Welcome Aboard! Which program(s) would YOU like to support?

General Support

General support allows SBMM to use your donation in the area of greatest need. Admissions, special events, boating programs and facility rental activities help to generate some of the income necessary to operate SBMM, but it is not enough to cover all the costs entailed in running the Museum. It takes additional resources to ensure that educational programs, exhibits, and historic ship preservation meet the highest standards possible. We’re asking for your help to ensure the ongoing efforts of the Santa Barbara Maritime Museum. Every gift—large or small—helps, so please take a moment to complete the Online Gift form below and know that your act of generosity are what make the Santa Barbara Maritime Museum a special place.

Education Programs

The mission of the Museum’s Education Department is to encourage the curiosity of children through the use of interactive exhibits, experiential learning, and community outreach programs with special emphasis on California’s maritime history. Our education programs include the Tall Ship Program, Marine Science Program, Family Nights at the Museum, Science Nights, and monthly Lectures. More info

Ranger Restoration

Ranger, the flagship of the Santa Barbara Maritime Museum, is a classic big-game fishing yacht. In 1917, she was the first private sport fishing boat built on the West Coast and played a major role in the early popularity and growth of sport fishing in Southern California and Baja California. The 42-foot vessel served as the flagship of the Catalina Island Tuna Club for over 50 years, hosting celebrities and setting records—two of which still stand today for tuna and broad-bill swordfish.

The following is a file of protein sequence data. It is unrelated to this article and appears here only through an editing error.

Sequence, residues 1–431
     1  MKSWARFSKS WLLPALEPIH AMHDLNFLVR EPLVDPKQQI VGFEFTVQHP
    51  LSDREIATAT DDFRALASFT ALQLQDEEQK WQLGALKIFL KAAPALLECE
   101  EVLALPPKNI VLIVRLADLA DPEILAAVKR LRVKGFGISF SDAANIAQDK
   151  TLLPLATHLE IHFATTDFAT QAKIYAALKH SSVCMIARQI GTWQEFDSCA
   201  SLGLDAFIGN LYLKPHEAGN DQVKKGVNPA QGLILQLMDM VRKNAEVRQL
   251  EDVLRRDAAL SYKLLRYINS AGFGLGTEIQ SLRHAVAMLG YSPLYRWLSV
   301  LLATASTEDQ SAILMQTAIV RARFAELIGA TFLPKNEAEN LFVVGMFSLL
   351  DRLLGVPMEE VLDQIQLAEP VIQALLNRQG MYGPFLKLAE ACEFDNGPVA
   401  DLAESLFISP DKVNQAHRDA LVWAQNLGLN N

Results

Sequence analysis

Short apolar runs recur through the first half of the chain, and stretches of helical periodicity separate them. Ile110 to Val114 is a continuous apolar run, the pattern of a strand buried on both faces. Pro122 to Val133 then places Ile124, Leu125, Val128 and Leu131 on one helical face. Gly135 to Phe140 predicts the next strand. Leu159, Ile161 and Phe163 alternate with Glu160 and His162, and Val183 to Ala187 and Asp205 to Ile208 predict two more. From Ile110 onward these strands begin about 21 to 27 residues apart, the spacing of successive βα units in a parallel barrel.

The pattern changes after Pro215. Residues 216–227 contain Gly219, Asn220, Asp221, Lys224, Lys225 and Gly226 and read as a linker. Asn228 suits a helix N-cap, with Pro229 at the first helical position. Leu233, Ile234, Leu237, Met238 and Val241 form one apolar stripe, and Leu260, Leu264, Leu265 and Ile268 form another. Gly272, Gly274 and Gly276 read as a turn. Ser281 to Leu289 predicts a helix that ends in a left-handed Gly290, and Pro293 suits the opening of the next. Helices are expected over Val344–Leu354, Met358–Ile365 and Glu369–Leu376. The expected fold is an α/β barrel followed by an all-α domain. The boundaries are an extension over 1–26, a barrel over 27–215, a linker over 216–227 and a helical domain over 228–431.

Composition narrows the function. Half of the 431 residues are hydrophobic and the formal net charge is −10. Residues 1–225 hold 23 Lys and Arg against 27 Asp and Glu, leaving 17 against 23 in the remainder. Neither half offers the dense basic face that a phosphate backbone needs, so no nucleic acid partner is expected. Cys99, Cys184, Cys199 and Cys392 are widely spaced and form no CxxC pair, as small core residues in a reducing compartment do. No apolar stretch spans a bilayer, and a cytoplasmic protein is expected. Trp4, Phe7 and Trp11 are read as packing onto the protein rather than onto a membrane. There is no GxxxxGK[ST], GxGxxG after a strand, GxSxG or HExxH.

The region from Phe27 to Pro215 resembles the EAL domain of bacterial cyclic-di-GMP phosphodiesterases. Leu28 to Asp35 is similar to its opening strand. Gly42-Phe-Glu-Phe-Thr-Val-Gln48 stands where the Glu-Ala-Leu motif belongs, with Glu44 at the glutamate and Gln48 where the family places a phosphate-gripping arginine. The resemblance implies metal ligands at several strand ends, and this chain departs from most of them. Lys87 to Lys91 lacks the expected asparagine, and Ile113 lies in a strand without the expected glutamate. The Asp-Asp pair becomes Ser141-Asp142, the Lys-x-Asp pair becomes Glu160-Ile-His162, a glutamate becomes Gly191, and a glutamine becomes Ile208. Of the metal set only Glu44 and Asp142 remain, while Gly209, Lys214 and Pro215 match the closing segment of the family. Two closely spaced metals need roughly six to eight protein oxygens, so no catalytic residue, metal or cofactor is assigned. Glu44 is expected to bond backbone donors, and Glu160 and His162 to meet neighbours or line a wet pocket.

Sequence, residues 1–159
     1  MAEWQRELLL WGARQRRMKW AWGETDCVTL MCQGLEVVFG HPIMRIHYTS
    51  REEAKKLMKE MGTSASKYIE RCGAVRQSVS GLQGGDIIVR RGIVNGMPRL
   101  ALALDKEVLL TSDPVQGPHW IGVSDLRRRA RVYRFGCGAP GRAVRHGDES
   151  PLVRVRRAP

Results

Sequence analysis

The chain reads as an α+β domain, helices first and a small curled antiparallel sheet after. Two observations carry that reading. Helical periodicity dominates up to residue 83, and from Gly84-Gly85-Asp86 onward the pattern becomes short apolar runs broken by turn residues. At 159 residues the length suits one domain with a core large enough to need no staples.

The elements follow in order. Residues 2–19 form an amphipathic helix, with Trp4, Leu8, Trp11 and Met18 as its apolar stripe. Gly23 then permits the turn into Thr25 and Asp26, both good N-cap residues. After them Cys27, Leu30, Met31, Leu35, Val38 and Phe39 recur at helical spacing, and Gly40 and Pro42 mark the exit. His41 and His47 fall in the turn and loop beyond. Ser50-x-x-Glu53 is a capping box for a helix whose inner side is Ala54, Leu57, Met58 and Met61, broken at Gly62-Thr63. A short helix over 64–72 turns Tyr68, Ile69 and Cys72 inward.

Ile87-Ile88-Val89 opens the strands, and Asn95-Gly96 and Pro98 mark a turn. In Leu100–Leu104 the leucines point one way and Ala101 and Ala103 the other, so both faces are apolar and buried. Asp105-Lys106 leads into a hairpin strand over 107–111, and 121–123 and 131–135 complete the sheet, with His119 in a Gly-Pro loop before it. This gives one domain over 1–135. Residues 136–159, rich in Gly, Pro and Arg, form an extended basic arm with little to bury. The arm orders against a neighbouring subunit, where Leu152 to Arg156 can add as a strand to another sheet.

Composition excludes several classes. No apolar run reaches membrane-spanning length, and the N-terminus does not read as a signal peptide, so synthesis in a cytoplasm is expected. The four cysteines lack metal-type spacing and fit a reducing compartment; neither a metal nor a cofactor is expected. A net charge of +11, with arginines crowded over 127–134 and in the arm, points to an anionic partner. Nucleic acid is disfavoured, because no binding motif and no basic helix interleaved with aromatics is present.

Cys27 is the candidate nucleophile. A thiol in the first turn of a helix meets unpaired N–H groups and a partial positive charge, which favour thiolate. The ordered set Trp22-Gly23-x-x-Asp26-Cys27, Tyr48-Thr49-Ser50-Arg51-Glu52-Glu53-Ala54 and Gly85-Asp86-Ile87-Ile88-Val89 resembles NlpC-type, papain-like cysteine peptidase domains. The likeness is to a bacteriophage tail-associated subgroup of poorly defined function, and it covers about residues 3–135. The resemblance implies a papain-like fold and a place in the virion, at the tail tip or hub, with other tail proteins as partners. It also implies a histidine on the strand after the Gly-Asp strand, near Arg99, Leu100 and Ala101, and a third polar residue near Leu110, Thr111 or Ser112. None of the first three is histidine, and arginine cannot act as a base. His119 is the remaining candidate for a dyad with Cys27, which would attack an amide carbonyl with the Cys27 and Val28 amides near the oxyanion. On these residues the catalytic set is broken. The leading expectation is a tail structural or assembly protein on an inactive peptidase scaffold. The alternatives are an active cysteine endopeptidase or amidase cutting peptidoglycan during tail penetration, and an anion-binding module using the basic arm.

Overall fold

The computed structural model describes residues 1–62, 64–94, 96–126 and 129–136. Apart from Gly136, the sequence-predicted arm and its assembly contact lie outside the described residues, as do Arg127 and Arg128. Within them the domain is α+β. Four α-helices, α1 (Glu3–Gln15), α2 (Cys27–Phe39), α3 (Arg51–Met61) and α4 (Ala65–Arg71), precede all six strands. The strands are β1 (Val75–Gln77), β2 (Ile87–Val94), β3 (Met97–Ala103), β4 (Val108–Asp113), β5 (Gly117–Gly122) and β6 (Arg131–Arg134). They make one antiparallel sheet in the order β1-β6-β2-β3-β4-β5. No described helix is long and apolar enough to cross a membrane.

Ranger needs your help! The Santa Barbara Maritime Museum needs support to refurbish and restore its flagship Ranger. Your contribution will be designated for the yacht’s maintenance, slip fees, and educational programs. Your annual contribution of $100, $250, $500, $1,000 or more will enroll you in the Ranger Crew, and a donation of $250 or more will receive an afternoon cruise for six people.
 
Or, you can volunteer to become a member of Ranger’s maintenance crew! We need crew members with skills in mechanical systems, electrical systems, marine plumbing, woodworking, varnishing, and general cleaning.  Become a part of the proud tradition that is Santa Barbara maritime history.
 
Ranger volunteers are working every Saturday starting at 10am to restore the ship in time for her 100th birthday party on September 15th.  If you would like to help as a restoration volunteer or join the crew, please contact Jesse Baker, Volunteer Coordinator.

History of Oil in the Santa Barbara Channel

Oil has been a part of our maritime history for thousands of years. The Chumash utilized the natural seeps in our channel for their Tomols and baskets, the world’s first offshore oil well stood off Summerland Beach, commercial diving technology flourished in Santa Barbara due to oil production, and the modern environmental movement grew out of the 1969 Oil Spill. Today oil affects every facet of our lives, even as we move towards renewable energy sources.

Journey through time on a self-guided tour exploring The History of Oil in the Santa Barbara Channel at the Santa Barbara Maritime Museum.

Geology of Oil in the Channel and the Chumash use of Asphaltum

Oil in Demand

Diving Deep for Oil

Life On & Below the Platform

Oil in Our Everday Lives

Oil and The Environment

Bombardment of Ellwood Oil Field

Face to Face with the Great Whites

Photos by Ralph Clevenger is a Photo Exhibit opening October 18, featuring up-close images by Ralph Clevenger with the world’s apex predator, the Great White Shark. The only known surviving species of the genus Carcharodon, these sharks, and many others, are threatened by human activity. Diving around the world, Ralph Clevenger, former professor of underwater photography at the internationally renowned Brooks Institute, has studied and documented these majestic animals in the natural environment. Their survival, along with all marine predators, will be a reflection of a healthy ocean environment. This exhibit will be on display through March, 2019.